FCC releases national broadband plan
The FCC last night released its much-anticipated broadband plan, which includes recommendations for the buildout of a nationwide wireless broadband network for public safety and a funding mechanism to pay for ongoing costs associated with that network.
Despite public-safety officials’ repeated calls for the FCC to recommend reallocation of the 700 MHz D Block for first-responder use, the plan calls for the auction of the 10 MHz of spectrum to commercial operators as part of the agency’s schedule to make 300 MHz of spectrum below 3.7 GHz available during the next five years. The D Block winner would be required to be “technically compatible” with public safety’s broadband initiative using LTE and would have to provide first responders with roaming and priority access on its network.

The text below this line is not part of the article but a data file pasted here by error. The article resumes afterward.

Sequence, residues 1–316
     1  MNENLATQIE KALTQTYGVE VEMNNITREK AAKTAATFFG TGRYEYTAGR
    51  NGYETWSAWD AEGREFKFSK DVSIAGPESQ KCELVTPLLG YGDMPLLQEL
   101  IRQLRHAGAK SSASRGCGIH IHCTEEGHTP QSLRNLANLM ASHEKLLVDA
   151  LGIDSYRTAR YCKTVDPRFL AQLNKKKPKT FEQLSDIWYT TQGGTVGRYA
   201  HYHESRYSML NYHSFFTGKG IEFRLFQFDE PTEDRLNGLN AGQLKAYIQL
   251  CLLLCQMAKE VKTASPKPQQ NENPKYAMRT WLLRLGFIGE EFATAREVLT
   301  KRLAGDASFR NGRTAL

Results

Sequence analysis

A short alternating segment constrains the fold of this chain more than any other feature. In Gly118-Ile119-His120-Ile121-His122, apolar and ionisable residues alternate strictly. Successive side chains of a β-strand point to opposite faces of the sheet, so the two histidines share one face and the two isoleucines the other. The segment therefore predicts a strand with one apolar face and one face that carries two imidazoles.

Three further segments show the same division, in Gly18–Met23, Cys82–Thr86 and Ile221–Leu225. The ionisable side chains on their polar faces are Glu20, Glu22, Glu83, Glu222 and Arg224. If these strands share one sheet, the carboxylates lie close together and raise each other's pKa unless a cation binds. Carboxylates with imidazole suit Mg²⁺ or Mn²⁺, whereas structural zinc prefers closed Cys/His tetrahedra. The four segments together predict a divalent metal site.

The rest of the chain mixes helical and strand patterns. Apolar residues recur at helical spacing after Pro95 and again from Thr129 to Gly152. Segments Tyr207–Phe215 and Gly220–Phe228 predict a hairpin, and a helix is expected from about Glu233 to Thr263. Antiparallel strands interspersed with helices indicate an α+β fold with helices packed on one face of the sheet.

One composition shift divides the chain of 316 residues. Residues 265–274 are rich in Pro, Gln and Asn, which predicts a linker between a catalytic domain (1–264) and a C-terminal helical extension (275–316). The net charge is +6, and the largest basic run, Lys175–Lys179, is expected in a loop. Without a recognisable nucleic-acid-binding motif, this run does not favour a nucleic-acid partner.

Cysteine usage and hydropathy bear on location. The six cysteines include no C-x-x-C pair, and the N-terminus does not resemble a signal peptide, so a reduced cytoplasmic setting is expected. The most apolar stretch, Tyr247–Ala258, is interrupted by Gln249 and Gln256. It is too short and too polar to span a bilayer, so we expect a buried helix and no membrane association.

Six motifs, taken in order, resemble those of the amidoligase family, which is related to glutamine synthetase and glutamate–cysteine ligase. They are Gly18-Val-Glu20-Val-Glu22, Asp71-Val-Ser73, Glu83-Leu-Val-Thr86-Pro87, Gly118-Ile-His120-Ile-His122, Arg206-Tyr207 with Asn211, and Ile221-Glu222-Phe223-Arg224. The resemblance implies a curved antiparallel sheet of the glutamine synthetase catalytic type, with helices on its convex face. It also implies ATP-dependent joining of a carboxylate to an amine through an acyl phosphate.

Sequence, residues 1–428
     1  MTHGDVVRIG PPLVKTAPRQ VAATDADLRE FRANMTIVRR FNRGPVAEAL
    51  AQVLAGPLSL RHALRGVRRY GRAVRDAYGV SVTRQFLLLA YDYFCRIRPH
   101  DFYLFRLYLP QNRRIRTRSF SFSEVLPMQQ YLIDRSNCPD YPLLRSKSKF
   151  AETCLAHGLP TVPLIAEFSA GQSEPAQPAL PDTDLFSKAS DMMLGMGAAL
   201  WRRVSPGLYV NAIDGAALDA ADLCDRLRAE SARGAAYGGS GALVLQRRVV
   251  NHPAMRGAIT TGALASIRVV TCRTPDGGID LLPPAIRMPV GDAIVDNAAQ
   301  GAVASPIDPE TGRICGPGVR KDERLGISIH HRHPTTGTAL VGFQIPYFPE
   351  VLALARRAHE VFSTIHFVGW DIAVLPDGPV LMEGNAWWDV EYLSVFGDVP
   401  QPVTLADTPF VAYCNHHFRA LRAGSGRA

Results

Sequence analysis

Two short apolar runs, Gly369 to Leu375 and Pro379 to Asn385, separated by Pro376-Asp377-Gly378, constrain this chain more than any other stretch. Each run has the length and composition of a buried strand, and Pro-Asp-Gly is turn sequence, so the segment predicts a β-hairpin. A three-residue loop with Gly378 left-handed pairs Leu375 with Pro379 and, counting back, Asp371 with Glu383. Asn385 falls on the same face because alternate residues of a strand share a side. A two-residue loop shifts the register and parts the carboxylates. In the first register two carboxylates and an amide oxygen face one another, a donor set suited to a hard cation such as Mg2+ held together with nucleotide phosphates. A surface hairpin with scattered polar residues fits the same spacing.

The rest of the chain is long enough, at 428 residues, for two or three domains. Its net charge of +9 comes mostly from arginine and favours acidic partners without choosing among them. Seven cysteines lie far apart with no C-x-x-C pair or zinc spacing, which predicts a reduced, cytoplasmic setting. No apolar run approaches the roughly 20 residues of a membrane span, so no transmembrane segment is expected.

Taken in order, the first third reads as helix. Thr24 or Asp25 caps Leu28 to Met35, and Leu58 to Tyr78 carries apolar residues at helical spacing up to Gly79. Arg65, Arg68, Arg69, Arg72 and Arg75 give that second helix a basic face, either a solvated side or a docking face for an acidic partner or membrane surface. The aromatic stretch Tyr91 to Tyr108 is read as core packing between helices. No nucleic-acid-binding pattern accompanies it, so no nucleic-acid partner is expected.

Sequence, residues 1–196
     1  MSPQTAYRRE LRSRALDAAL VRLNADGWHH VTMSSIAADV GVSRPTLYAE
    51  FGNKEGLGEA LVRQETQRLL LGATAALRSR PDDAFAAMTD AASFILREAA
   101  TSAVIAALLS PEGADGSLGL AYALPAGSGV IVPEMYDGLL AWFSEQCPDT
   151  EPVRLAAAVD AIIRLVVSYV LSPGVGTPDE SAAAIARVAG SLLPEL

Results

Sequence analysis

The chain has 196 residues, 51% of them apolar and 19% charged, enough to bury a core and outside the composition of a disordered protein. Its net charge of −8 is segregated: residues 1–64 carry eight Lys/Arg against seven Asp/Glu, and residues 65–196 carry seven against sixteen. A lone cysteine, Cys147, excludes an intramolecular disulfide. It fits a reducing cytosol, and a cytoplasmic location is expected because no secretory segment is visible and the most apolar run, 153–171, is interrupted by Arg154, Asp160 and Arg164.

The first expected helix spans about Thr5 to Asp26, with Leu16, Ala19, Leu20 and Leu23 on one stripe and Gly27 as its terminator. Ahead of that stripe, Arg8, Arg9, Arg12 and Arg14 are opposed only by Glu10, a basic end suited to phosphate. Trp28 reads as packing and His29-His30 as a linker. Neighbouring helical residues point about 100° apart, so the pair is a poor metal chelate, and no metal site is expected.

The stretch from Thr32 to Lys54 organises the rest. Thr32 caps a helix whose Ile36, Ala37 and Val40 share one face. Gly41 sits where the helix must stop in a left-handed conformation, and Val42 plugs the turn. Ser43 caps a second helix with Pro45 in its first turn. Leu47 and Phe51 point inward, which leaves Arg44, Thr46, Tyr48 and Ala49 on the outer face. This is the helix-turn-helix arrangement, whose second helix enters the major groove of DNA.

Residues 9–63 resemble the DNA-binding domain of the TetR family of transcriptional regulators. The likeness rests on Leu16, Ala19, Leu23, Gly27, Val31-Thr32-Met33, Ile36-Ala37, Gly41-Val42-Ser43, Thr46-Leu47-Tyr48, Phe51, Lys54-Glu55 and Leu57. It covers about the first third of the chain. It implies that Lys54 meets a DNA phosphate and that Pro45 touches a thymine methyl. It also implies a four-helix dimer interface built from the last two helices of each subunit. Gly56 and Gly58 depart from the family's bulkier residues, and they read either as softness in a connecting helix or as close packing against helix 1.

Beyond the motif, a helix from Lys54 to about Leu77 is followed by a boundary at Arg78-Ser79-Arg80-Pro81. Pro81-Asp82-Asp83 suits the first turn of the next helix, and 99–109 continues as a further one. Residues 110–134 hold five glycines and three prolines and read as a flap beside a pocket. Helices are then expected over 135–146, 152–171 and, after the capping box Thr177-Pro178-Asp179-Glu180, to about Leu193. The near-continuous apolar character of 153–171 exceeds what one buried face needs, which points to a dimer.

In terms of funding, the plan calls for Congress to provide as much as $6.5 billion during the next 10 years to cover capital expenditures expected to be necessary to provide 99% population coverage. In addition, the plan estimates that operating costs for the network will be $1.3 billion per year by the network’s tenth year of operation. To address this, the plan calls for Congress to establish an ongoing funding source during the next 18 months in the form of a fee that could be assessed to all broadband users in the United States.
Further details will be unveiled during the commission’s open meeting today. In addition, the FCC will conduct a technical panel regarding the proposed public-safety broadband network at 9:30 a.m. EST tomorrow that will be webcast at www.fcc.gov/live.